For months, Mac owners could not understand why they couldn't buy the software. Developers complain that so many things are outside their control - coping with the demands of different operating systems and hardware components like graphics cards; writing for standards like GSM or ISDN, which are themselves fluid and subject to change; and the ever-changing focus of the internet and the technologies that surround it.
Apple subsidiary Claris had to delay the launch of its HomePage 3 Web page creator from October to December. This was partly because of the complexity of linking it to Filemaker Pro 4, but also because of the need to add features which would help it compete with rival products and meet the ever-changing needs of the internet.
The Web was indirectly to blame for delaying ClarisWorks Office by a few weeks - apparently there was a mix-up over third-party software from internet service providers. Sometimes though, software houses openly admit that delays are caused by bugs.
Corel released the 16-bit version of WordPerfect Suite 7 three months late in the US - July. The UK version should have been ready shortly afterwards. But there were problems with installation and networking, and Corel responded to customer reaction by delaying the international versions until the problems were fixed.
The UK code should be finished by the time you read this - unless the testers unearth any more bugs.
Dealers and resellers take the excuses with a pinch of realism. 'Most software manufacturers announce products far in advance of availability, for competitive gain,' says Steve Caunce, software marketing manager at Computacenter. 'If someone makes an announcement, then a month later their competitors make a strategic announcement about a product that is just around the corner, it causes confusion in the minds of customers and can stall the market - even if it arrives on time.' If a release is several months late, customers may ignore it and skip straight to the next version.
Caunce estimates that this could cost a large reseller #250,000 for sales, installation and services for a corporate customer with 2,000 PCs. But he admits that customers sometimes confuse strategic road maps with product announcements, and sometimes push software houses hard for advance information.
Big customers tend to know the score, anyway. Pete Springfield, technology manager at Compel, says: 'No responsible corporate IT group would plan any kind of project around products which aren't here today and proven.
They don't take much notice of beta dates and pre-release announcements.'
Springfield's customers are more concerned about quality than dates.
'The problem is that software manufacturers don't finish one product before they start another,' he says. 'A lot of people would rather see longer term stability than lots of new technology being rolled in.'
Software releases also tend to address problems people do not realise they have, he continues. 'Applications tend to come out in new versions every 12 to 18 months, which is just too often for many users.'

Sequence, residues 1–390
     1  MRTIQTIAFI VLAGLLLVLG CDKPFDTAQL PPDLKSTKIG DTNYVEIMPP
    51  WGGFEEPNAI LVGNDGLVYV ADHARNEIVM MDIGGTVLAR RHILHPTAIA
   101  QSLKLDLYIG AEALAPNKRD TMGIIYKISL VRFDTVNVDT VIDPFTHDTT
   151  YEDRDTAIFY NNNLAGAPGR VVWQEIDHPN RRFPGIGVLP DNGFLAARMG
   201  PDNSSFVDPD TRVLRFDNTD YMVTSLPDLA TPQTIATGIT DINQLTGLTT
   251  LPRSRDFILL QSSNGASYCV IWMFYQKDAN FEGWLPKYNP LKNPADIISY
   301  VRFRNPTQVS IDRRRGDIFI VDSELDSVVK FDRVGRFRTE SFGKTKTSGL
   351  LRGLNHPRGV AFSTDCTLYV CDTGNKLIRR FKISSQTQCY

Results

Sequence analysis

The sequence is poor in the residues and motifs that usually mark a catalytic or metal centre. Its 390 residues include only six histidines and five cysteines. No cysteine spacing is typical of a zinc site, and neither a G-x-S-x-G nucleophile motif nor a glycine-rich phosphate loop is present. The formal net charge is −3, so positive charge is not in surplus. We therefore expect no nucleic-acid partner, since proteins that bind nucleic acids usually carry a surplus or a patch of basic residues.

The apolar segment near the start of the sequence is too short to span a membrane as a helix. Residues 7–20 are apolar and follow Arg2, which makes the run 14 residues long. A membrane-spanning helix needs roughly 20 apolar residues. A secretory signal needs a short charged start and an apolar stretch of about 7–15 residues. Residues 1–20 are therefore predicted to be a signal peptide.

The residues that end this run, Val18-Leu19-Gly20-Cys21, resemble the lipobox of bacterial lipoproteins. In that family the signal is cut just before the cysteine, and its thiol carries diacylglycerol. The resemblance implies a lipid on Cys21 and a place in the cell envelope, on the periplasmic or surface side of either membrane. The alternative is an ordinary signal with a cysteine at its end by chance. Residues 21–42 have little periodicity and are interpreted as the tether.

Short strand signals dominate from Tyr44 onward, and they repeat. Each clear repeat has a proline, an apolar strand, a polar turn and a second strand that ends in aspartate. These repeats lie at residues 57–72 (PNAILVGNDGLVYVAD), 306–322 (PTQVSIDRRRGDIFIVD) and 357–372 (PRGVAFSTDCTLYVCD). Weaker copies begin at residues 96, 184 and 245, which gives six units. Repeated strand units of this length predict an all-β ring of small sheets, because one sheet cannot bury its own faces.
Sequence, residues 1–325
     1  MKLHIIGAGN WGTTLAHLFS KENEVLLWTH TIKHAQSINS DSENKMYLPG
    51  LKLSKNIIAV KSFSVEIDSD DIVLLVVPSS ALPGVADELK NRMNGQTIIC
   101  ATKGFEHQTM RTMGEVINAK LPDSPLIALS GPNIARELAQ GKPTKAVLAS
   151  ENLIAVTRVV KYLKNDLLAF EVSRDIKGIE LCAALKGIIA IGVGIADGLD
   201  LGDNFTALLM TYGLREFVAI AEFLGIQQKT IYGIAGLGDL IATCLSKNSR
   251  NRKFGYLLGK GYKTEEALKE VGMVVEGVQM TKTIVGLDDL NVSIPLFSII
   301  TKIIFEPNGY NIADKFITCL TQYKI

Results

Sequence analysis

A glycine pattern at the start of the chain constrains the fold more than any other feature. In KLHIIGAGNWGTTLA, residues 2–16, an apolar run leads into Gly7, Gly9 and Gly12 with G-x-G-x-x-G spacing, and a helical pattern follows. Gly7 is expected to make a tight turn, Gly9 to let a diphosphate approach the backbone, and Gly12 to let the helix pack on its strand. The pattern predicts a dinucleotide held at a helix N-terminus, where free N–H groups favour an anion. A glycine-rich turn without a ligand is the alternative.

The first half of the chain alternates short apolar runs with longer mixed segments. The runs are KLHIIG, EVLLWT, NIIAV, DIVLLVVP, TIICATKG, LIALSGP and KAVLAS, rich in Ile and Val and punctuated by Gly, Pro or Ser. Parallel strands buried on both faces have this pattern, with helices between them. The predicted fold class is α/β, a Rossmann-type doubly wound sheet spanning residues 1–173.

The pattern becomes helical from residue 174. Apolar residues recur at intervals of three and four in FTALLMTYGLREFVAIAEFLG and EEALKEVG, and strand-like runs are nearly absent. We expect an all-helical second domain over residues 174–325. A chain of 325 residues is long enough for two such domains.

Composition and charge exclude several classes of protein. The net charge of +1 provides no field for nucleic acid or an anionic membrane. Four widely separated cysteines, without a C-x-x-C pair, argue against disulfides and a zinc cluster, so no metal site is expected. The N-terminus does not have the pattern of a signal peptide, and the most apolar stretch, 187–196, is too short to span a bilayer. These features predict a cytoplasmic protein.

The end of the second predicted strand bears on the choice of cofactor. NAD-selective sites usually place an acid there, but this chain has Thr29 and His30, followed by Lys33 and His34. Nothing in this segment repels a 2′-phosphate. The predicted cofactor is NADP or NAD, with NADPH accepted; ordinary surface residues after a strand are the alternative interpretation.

This is a view shared by Tim Felmingham, managing director of Apple dealer Axiom. 'Our customers' perception is that there's new software coming at them all the time,' he says. 'They are surprised that yet another new version has come out, rather than complaining that it's late.'
Those hardest hit by late delivery are mail-order dealers, who have to produce catalogues and advertisements up to three months in advance. Including a product which doesn't ship aggravates users, and omitting one which does costs sales.
'It's a lose, lose, lose situation,' says the software manager for one catalogue company. 'Even the manufacturers are losing business because of it. If it's because beta testing has thrown up bugs or feature changes, fair enough. But sometimes it's because the packaging isn't ready in time for photography, which is just plain stupid.
'The UK subsidiaries of the big software companies are very good at sharing what they know, but often they are not told soon enough by their US parents who don't seem to understand the mail-order market.'
There is also the legal aspect to consider. Byte Computer Superstores produces advertising material six to eight weeks in advance. Steve Rigby, Byte Computer operations director, says: 'Technically speaking, from the Advertising Standards Authority's point of view, you must not advertise something that you don't have in stock.'
The one thing that software houses, dealers and customers do agree on is that it's better to be late and clean than on time and buggy. The PC software industry is still haunted by the ghost of Ashton-Tate's dBase IV, launched around 1989, which was so riddled with bugs that it threw away one of the strongest market-leading positions in the industry. The company never really recovered and was eventually taken over by Borland.
And finally, the good news. If you thought late software was a recent problem, it isn't. Microsoft proudly informed us that, for the first decade of the company's existence, none of its applications was released on time or even within a week of its due date. The first to meet its deadline was Excel 3, launched in 1991.
Since then, quite a few of Microsoft's masterpieces have met their deadlines.
So, then, isn't it mean to always point out the ones that didn't?